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PARANORMAL ROMANCE: Pregnant by the Dragon Shifter (Shapeshifter Protector Pregnancy BBW Romance), страница 1

 

PARANORMAL ROMANCE: Pregnant by the Dragon Shifter (Shapeshifter Protector Pregnancy BBW Romance)
 

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PARANORMAL ROMANCE: Pregnant by the Dragon Shifter (Shapeshifter Protector Pregnancy BBW Romance)


  Pregnant by the Dragon Shifter

  A Paranormal Romance

  By Jasmine Wylder

  Copyright © 2016 Pure Passion Reads

  Smashwords Edition

  Copyright © 2016 by Pure Passion Reads – All rights reserved.

  In no way is it legal to reproduce, duplicate, or transmit any part of this document in either electronic means or in printed format. Recording of this publication is strictly prohibited and any storage of this document is not allowed unless with written permission from the publisher. All rights reserved.

  Respective authors own all copyrights not held by the publisher.

  THANK YOU so much for downloading this book!

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  Table of Contents

  Chapter One

  Chapter Two

  Chapter Three

  Chapter Four

  Chapter Five

  Chapter Six

  Chapter Seven

  Chapter Eight

  Chapter Nine

  Chapter One

  The sun was shining full on his face but the wind was cold coming off the water. David relished the chill.

  “You’ll catch your death out here without a coat.”

  David turned to find a stout ferryman staring at him.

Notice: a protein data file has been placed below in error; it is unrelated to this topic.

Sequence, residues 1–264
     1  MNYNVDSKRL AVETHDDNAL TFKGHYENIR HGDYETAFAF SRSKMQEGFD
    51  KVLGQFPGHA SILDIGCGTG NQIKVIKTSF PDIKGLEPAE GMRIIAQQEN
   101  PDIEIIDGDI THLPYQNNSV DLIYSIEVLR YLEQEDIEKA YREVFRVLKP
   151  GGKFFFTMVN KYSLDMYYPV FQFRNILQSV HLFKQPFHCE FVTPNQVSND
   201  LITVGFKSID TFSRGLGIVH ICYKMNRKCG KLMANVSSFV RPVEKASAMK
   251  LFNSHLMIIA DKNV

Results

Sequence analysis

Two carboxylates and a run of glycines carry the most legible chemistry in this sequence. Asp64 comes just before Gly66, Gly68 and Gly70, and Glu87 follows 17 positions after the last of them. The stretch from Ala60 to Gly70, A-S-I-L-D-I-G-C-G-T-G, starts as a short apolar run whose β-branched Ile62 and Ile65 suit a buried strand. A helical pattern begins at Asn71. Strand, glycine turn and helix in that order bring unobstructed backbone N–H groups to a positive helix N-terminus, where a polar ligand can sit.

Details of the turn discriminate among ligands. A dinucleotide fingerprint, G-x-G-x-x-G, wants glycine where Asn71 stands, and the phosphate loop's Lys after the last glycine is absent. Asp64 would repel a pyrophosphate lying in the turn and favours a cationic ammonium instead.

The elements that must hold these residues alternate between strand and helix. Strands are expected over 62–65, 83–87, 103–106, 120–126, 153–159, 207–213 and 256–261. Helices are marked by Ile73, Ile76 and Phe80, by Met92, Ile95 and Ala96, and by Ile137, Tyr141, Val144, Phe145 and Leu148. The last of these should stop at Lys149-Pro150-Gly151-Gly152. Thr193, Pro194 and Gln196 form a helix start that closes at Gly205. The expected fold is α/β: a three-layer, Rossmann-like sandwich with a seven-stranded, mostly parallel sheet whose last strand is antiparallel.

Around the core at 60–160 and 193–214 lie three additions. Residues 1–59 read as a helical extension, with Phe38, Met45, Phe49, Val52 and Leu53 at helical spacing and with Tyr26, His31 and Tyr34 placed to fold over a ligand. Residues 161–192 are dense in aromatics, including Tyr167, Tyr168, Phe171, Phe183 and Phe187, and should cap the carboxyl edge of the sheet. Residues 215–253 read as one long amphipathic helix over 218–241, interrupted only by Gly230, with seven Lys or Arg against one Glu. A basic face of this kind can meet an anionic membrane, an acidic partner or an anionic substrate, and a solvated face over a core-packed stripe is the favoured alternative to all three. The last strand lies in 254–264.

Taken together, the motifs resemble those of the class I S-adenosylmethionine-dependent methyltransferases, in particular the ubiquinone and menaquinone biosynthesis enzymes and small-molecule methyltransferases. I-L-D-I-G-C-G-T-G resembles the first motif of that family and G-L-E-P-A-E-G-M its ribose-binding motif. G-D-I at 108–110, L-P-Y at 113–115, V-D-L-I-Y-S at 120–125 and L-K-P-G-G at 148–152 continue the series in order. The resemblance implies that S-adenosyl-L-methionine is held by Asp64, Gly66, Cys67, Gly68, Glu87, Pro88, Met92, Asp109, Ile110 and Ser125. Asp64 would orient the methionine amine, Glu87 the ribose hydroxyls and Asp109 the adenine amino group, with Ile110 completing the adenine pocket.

“How much to take me over to Fraser Island?” David squinted at the other man.

  “Fraser Island isn’t open to the public. It’s a private island, very private.” The ferryman blew out a plume of smoke. His jacket was bright orange and his face wind burned.

  “I have business there.”

  The ferryman looked David over, “I’ll take you no charge. Never been there myself, always wanted to go.”

  The ferry felt strangely large and empty with David as its only passenger.

  “What’s your business with the Fraser’s? I’ve only seen the older one a few times. They mostly keep themselves to themselves.” The man’s orange jacket made a funny rustling noise when he moved his arms.

  “I keep myself to myself, too.” David’s eyes flicked to the other man. The ruddy face only looked put off for a moment.

  “Cousin of mine says the daughter is something else. Big girl and sour as a tart cherry, but a fine piece of work.” The man showed with his hands the invisible large ass of a woman then laughed the hacking laugh of a lifetime smoker.

  David rolled his eyes. He should have just stayed in town for another night.

  He’d arrived in the waterfront town a day early and couldn’t bear the thought of spending another twenty-four hours among tourists. He was on edge among people who seemed so unaware of themselves. The whole town teemed with them in the summer and early autumn. He had to constantly quell the urge to shout at them to get out of his way, to stop walking four abreast down the street, or to notice when someone was forced to stop abruptly behind you because you were too busy looking at your damn cell phone.

  “You can see it now,” The man pointed a sausage like finger and David saw the island. “Four miles across, two miles wide.”

  “And that?”

  “Didn’t you know?” The man’s throaty laugh burbled again. “That’s the Fraser castle. Moved here stone by stone from Scotland by the man himself.”

  David watched as the stone façade of the castle became clearer.

  As he watched his attention was caught by a figure darting over the horizon. David moved so he had a better view. The hair on his arms prickled and the reason for his visit pushed itself to the forefront of his mind.

  The figure moved fast, it stopped, then went back in the direction it came from. David studied the figure for a long moment then leaned back against a railing.